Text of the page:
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Democracy and markets


Jakarta, Indonesia -- FIVE YEARS AFTER the collapse of the Berlin Wall signaled the end of the Cold War and ushered in the promise of a new world order, President Clinton has centered his foreign policy on the dual goals of promoting democracy and market economies abroad.

From Johannesburg to Jericho, from Moscow to Manila and to Port-au-Prince, American military, diplomatic and economic might is at work advancing the proposition that free minds and free markets offer the best possible hope for long-term peace and prosperity.

That was the message Bill Clinton brought to Indonesia this week when he met with his East Asia counterparts. It will be the theme he carries to a very different group of leaders next month (Dec. 10-11) in Miami, where the president will play host to the first Summit of the Americas.

"Free markets and democracy are on the move," the president told a group of businessmen here.

They are not, he might have added, necessarily moving together, as the contrasts between Asia and Latin America make clear.

Among the 18 countries making up the Asia-Pacific Economic Cooperation or APEC group are China, Indonesia, Singapore, Thailand and a couple of others whose governments have staunchly resisted efforts to develop pluralistic democracies.

Still other APEC members, notably South Korea and Taiwan, suppressed democratic development for decades until their economies caught fire. Only later did they begin yielding to the forces of democratic change.

In Miami, Mr. Clinton will be surrounded by no fewer than 33 Latin American leaders, each of whom was democratically elected.

And which region is winning the development race?

Asia, hands down. Economic output across the region grew 7.4 percent last year, and should top 7 percent this year and next, according to the Asian Development Bank in Manila.

Latin America, as a region, grew 2.9 percent last year and will grow by an estimated 3 percent this year and next, the bank reports.

Democracy isn't to blame nearly so much as the vast differences between the two regions' history, cultures and resources.

Yet, Mr. Clinton's contention that democracy and development go hand in hand comes under scrutiny and even criticism across much of Asia, where the links between political and economic freedoms have ranged from tenuous to non-existent.

Opponents argue that for many of Asia's 3 billion people -- 2 billion of whom are poor -- democracy is unimportant and indeed may not even be desirable, as it can impede development and even lead toward chaos.

These critics look to such countries as Russia, India and the Philippines as examples of democracies struggling to ignite the sort of economic growth seen in Indonesia or China.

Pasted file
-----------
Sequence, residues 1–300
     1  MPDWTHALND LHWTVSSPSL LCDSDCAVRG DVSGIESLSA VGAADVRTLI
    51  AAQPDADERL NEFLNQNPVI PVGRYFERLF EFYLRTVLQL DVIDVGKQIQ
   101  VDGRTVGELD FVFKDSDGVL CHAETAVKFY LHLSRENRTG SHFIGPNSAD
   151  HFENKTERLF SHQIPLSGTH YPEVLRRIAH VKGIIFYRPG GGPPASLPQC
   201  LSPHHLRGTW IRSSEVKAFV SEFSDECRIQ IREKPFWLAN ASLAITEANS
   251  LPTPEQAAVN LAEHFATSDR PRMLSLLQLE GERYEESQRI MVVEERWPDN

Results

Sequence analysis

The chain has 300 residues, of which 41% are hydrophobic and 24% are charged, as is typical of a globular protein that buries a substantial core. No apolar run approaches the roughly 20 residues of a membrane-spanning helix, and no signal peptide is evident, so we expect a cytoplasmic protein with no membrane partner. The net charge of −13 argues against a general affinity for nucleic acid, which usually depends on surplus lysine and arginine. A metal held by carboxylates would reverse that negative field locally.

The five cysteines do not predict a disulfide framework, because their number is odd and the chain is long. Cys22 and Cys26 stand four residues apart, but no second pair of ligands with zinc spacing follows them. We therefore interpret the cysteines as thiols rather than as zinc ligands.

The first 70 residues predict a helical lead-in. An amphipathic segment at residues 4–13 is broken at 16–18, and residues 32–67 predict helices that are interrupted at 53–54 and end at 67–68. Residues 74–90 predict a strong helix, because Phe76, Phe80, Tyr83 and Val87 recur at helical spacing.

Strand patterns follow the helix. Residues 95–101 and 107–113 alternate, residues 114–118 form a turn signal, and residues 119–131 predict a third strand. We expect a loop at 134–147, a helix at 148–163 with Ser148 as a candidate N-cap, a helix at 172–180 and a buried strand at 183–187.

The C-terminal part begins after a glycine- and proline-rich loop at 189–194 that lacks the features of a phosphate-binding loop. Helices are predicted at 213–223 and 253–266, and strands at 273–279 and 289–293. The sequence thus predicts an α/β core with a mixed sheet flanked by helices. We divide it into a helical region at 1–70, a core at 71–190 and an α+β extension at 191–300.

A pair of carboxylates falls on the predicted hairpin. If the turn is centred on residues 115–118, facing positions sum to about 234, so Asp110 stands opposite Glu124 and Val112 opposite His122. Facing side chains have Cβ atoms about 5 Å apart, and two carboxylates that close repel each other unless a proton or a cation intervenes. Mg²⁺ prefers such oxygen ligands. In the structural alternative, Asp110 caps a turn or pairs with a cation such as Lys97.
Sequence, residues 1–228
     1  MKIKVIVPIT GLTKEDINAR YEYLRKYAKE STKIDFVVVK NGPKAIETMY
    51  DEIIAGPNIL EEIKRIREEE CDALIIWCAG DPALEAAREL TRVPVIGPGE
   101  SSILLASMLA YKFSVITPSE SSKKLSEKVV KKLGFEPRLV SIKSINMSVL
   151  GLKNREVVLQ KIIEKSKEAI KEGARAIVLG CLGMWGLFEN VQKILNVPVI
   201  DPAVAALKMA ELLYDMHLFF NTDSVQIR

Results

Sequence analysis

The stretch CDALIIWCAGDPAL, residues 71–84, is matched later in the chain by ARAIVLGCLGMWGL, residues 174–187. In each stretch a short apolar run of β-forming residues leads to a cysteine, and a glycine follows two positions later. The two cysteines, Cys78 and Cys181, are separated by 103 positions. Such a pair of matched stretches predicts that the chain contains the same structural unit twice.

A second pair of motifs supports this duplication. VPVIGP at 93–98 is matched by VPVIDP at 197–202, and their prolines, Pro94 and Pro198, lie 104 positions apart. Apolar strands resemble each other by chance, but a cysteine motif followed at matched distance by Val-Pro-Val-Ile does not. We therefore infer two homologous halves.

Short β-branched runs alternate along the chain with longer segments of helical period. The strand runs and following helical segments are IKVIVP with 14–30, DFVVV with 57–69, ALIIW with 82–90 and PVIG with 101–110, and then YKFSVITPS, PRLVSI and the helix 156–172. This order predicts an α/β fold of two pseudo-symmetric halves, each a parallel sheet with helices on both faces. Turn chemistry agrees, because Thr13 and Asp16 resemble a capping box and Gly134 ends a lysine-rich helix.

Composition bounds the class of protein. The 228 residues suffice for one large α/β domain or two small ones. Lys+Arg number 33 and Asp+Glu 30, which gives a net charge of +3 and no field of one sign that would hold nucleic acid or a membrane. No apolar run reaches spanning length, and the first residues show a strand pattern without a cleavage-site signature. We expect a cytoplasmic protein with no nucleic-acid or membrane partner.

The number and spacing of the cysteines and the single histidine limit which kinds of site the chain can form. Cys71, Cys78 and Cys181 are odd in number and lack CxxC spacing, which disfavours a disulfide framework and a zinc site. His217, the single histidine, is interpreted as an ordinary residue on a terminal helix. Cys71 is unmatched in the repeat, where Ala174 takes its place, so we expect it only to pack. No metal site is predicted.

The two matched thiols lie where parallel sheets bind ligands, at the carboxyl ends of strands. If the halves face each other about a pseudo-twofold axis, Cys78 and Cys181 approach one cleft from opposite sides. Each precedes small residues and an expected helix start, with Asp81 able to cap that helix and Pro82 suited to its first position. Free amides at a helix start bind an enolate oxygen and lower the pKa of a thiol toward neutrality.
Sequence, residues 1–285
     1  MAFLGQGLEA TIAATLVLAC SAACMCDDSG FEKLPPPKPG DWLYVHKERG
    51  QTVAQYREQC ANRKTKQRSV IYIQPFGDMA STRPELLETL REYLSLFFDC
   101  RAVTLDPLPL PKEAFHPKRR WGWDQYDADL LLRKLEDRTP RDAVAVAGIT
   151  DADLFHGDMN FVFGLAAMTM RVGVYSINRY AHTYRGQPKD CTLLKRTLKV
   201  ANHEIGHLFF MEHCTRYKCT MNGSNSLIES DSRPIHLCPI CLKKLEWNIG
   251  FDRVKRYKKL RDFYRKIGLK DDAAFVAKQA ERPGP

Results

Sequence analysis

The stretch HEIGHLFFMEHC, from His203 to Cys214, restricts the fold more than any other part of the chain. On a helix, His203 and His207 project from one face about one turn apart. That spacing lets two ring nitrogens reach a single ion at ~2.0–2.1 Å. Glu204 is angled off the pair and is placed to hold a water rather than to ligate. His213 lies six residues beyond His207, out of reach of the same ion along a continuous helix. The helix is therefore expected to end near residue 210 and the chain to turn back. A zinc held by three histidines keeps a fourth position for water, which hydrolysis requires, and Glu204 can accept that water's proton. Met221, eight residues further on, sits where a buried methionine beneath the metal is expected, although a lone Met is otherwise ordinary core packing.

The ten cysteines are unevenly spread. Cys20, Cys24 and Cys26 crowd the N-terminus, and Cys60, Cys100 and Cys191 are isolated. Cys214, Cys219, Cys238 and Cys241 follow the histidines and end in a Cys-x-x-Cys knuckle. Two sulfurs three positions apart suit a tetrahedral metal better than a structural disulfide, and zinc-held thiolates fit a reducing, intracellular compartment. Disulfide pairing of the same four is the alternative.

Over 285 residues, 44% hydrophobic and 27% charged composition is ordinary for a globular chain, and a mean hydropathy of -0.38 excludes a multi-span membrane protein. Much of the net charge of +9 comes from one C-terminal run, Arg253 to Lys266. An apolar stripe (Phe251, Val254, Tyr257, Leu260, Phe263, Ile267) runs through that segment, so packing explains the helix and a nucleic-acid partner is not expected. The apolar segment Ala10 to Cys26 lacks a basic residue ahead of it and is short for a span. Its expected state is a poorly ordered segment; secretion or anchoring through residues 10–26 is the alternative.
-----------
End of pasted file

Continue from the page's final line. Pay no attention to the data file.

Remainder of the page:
In those two countries political choice has taken a distant back seat to the more pressing imperative of raising living standards through export-led growth, largely fueled, somewhat ironically, by American consumers and investors.

To some Asian leaders, development at the expense of democracy has become something of a point of pride.

Singapore's senior leader, Lee Kuan Yew, has used press restrictions, detention of political foes and a range of other suppressive practices to keep his People's Action Party in control since independence nearly 30 years ago. The tradeoff was that he delivered to his tiny city-state an economic miracle that has given Singaporeans one of the highest standards of living anywhere in Asia.

Now Mr. Lee routinely preaches the gospel of unenlightened development, as when he lectured a group of Philippine business leaders two years ago that their country needed "discipline more than democracy."

Mr. Clinton's visit to Manila last weekend, in fact, was aimed partly at countering the message that democracy and development don't mix.

After two decades of falling miserably behind most of its Asian neighbors, the Philippines has begun showing signs of economic promise. That's largely the result of the country's decision eight years ago to cast out a corrupt dictator in favor of elected government.

The most meaningful lesson to come out of the past two decades of Asian development, however, is that a country's commitment to genuine progress, its economic diplomacy and the abilities of its people matter far more than its form of government in determining success or failure.

The basic nutrients of modern economic growth -- security, a skilled and healthy work force, access to markets, capital, information and technology -- can be delivered by either a tyrant or a democrat.

The problem with tyrants is that when they fail to provide those essentials -- as President Mobutu Sese Seko has done in Zaire, when they dole them out inefficiently to fatten cronies, as Ferdinand Marcos did in the Philippines, or when they squander precious resources suppressing their own people, as Lt. Gen. Raoul Cedras did in Haiti -- there's nothing to stop them from wrecking the country.

The great thing about elected leaders is they can be fired.

Democracy, however, doesn't guarantee development. Its strength is that it doesn't have to, because democracy ultimately makes the people of a nation full partners in their own economic rise or fall.

In a competitive world where goods, money, technology and ideas flow freely across borders -- the kind of world Mr. Clinton seeks to further through summits like the ones in Miami and Jakarta -- democracy and the civil and human rights that flow from it may now give a country a decisive edge.

"The freer and more educated people are," Mr. Clinton said, "the more they are able to be creative and to change with the fast-changing winds of the global economy."

Bob Deans wrote this for the Cox News Service.

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